1966 Mustang Sprint Hardtop - The Darndest Thing
John And B.G. Skavlem's Unrestored '66 Sprint Hardtop Packs A Story That's Hard To Believe
In September 1998, John, B.G., and the couple's Sprint hardtop returned to Tennessee, this time to participate in that year's MCA Grand National held in Franklin. On the Saturday of the show, B.G. was pony-sitting the car on the show field when she was approached by a man and woman who were extremely curious about the Mustang.
Martin Rupp and his wife, Tari, had converted to the Mustang faith about the time the SN-95s hit the showrooms. Since then, the couple has obtained three vintage ponies and has been enjoying the Mustang lifestyle to the fullest. The Rupps were from Weeping Water, Nebraska, and had driven their '67 hardtop on the final 120-mile leg of that event's Pony Trails cruise. Martin and Tari had to leave for home that Saturday evening, but before hitting the highway they decided to make a pass through the show field. When Martin saw the Skavlems' hardtop, a familiar twinge tickled the back of his mind.
Martin remembered that his fourth-grade teacher, Miss Katherine Ellis, had purchased a new Mustang in 1966. It, too, was a Sahara Beige hardtop. Closer inspection revealed that John and B.G.'s ponycar had been delivered through the Sample Hart dealership in nearby Omaha, as evidenced by the dealership emblem on the bumper. Could it be? Maybe, but Martin didn't remember a luggage rack on the back of his teacher's car. He approached B.G. to ask a few questions.
No, B.G. explained, the luggage rack was not original to the car. That was an accessory John had added using a '66 FoMoCo removable installation kit. And who had originally owned the car, asked Martin. A woman from Weeping Water, Nebraska, B.G. said, by the name of Katherine Ellis.
At last, the final pieces of the puzzle fell into place.
Martin explained to the Skavlems the relationship between himself and Miss Ellis, and offered an answer to the perplexing question of why the car had managed such low mileage throughout the years. He told John and B.G. that Katherine Ellis lived close to the school where she had taught for more than 30 years, and that she had little other use for the car. When she sold the Mustang in 1979, the Pony had racked up only 5,955 miles under her ownership.
Miss Ellis passed away in 1984, and a few additional miles had been added in the ensuing years. Understandably, the Skavlem hardtop is limited to trailer-on-and-trailer-off driving.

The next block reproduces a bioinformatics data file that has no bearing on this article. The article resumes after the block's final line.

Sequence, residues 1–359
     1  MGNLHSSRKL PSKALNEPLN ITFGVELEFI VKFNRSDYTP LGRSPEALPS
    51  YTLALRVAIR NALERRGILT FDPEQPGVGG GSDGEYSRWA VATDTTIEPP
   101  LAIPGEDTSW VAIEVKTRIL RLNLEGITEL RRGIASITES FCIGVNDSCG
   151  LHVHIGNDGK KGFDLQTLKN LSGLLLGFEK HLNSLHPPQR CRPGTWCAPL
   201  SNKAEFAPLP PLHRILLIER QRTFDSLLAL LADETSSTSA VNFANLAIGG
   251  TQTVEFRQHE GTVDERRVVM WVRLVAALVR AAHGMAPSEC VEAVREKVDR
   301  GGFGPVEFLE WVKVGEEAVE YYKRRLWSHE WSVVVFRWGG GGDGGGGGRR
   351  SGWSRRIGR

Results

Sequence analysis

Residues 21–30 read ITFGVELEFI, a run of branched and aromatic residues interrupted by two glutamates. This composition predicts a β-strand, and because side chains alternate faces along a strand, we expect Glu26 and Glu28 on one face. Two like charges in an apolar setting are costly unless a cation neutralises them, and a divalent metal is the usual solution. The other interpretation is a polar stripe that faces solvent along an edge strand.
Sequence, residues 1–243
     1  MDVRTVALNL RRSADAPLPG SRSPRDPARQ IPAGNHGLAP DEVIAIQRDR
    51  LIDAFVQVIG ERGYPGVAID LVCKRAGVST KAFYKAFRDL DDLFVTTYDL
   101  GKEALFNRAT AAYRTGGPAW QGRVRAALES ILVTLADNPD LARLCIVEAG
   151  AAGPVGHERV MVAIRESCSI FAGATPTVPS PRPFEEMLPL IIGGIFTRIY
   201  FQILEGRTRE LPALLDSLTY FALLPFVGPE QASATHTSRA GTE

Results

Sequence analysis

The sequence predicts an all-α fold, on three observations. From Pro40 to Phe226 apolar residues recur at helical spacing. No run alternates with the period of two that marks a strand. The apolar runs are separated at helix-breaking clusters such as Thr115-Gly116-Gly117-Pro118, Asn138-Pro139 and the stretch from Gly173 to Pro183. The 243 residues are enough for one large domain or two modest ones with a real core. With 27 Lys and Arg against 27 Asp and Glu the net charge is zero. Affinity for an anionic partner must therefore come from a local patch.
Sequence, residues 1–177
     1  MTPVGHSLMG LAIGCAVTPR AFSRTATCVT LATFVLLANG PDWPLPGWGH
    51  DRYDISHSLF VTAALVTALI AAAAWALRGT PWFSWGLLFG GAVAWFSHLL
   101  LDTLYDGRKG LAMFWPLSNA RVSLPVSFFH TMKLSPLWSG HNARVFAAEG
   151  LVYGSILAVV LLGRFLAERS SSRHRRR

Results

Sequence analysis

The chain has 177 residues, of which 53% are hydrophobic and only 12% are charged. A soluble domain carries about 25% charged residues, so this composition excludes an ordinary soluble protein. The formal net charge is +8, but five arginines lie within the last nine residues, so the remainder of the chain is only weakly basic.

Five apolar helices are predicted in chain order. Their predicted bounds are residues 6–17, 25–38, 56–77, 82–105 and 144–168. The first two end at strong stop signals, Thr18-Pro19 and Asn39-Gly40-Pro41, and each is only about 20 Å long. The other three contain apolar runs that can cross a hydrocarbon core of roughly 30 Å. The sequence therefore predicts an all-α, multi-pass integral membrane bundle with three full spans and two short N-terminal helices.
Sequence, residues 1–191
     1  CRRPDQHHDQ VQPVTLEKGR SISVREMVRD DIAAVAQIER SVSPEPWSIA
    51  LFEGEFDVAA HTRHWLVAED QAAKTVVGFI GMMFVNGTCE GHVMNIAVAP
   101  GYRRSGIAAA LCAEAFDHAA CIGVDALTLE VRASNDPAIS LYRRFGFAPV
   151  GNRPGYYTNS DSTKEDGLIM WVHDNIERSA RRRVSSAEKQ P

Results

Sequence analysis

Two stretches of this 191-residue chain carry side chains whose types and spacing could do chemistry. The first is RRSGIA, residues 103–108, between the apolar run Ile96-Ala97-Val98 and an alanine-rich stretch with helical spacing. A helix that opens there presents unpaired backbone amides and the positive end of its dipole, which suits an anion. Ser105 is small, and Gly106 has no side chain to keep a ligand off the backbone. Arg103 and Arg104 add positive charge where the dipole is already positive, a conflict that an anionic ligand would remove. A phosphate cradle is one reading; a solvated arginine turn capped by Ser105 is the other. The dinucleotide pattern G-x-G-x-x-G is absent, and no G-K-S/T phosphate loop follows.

Although we applaud folks who put their restored Mustangs on the road, we'll concede that this is one Pony we hope never again sees the open highway. It's too darn special.
It certainly was a special day for my wife, B.G., and I to meet you at the Mustang show in Franklin, Tennessee. We have often been asked about the early history of the car, and the only info we had, unconfirmed, was that Katherine M. Ellis was a schoolteacher who obviously drove the car very little during the period from August 1966, when she purchased it, until July 1979, when she sold it with 5,955 original miles. We have her signed statement of that sale.
We would greatly appreciate you giving us a few comments about Miss Ellis. I believe you mentioned that she lived close to the school. Your thoughts would be most welcomed.
It was great to meet you! We love our little Mustang, and feel we are preserving a piece of history. There are few, if any, better preserved original early Mustangs in the country.
I think finding Miss Ellis' car and meeting you and your wife was the highlight of our trip. Most everyone in town had Katherine for a teacher, and remembers the car. I am sending you a local newspaper article about the car and Katherine.
The one memory of my fourth-grade experience was in the first week at school, saying "yeah" and not "yes" to Miss Ellis, and having to stay after school and write "yes" 100 times on the blackboard, and then clean all the blackboards. Needless to say, I learned to say "yes." She also had a 12-inch ruler that could sting your knuckles or bottom, depending on how bad you were. All that said, she was a great teacher, and I learned a lot. Today, she probably would be put in jail; too bad for today's children.
Well, enough rambling on. If you are ever in this part of the country, please come and visit. Also, someday, should you wish to part with your little car, please call me. I would love to bring it back home. Best wishes and happy pony trails,